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Wednesday, March 22, 2006
Skinny Resumes
Is your resume on a diet? It probably is. Most resumes I see that are submitted for review are either on a diet or should be on a diet. When I say “on a diet” I mean that the resume is thin – thin in information that is useful to the reader. Most job seekers believe if they just put down the basics on the resume, that is all that is needed. Unfortunately, the basics won’t sell well against other well-qualified candidates that do a much better job communicating their value.

When constructing a resume, it is important to do several things all at once. You must engage the reader so he/she will become interested in finding out more about your qualifications. You must describe your background, level of responsibility, and scope of work vividly without being verbose or over-dramatic. You must show the reader how you have made a difference for the good for each of your employers. You must show the reader the level of performance you have demonstrated. And finally, you must do all this better than the other candidates against whom you are competing and whom are just as qualified (perhaps even more so) as you. That’s a tall order.

Most people don’t think about this when constructing their own resumes. They struggle simply to get down the what, when, and where of their careers. Never mind the how and the why. As a result of this struggle and inattention to content strategy, most resumes are skinny and thin. They don’t offer much meat to the reader and don’t generate any excitement or interest.

On the flip side is the resume that needs to be on a diet. Such a resume is usually constructed by someone who knows there should be some strategy in what is included, what is excluded, and how to put it all together but hasn’t the foggiest idea where to begin. The job seeker who experiences this struggle often wrestles with the resume for hours and hours only to give up in the end and just put everything in the resume. The job seeker hopes he/she covers everything and hasn’t left out one minor detail that might make the difference in winning the interview. The result is a resume that is fat, overloaded with unnecessary information, and drones on and on, relentlessly describing minute details that have no relevance to the job seeker’s goal.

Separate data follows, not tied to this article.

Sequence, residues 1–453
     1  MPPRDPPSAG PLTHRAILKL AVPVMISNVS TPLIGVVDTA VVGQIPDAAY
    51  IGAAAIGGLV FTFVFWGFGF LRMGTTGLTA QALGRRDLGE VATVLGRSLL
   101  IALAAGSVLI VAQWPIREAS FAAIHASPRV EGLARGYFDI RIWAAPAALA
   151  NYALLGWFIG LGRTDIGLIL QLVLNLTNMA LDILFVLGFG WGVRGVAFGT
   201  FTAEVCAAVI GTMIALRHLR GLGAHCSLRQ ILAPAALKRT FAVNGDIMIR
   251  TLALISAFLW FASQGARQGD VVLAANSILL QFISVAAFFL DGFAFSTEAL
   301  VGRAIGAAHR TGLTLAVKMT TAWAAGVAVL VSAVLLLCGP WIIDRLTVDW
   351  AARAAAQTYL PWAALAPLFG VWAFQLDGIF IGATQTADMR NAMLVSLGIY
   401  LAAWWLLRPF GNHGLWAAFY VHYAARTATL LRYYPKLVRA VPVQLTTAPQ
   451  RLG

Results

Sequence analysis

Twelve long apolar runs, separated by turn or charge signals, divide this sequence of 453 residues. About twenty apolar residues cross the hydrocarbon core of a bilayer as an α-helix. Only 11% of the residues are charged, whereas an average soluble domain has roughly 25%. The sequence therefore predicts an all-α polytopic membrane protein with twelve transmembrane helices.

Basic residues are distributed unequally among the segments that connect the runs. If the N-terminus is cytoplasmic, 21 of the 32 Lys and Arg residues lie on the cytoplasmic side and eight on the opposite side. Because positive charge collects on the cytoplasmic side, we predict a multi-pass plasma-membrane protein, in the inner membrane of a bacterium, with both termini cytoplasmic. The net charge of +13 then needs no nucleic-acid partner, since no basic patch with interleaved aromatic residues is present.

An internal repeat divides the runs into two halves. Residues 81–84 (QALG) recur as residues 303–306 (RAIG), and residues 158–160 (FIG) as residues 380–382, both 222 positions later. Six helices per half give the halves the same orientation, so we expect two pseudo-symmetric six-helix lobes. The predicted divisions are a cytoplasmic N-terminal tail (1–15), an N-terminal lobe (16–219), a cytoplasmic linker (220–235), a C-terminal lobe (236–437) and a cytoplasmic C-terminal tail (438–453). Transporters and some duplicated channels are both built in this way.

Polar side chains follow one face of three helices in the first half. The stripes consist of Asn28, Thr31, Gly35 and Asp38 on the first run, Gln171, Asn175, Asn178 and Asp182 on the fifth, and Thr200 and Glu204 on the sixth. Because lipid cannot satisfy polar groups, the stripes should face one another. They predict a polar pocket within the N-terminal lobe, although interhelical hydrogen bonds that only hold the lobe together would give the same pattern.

Strategy is key to constructing a powerful, effective resume. Choosing what content to include and how to write it is very important. Usually, the simpler the language used in the resume, the better. You don’t want complex sentences with high readability levels because it makes it hard to read quickly. An employer may have several minutes to read a report but he/she will only have a few seconds to glance at a resume. Don’t bog him down with $3 words when simpler words would work much better.

A resume needs to be a lean, mean sales machine. Every word should have a direct contribution toward winning the interview. The organization and order of the content should have strategy behind it. All the mechanical issues such as spelling, punctuation and capitalization should be correct and top-quality. Remember, the resume isn’t a biography – it’s a sales brochure for your career.

November 2005 / December 2005 / January 2006 / February 2006 / March 2006 /


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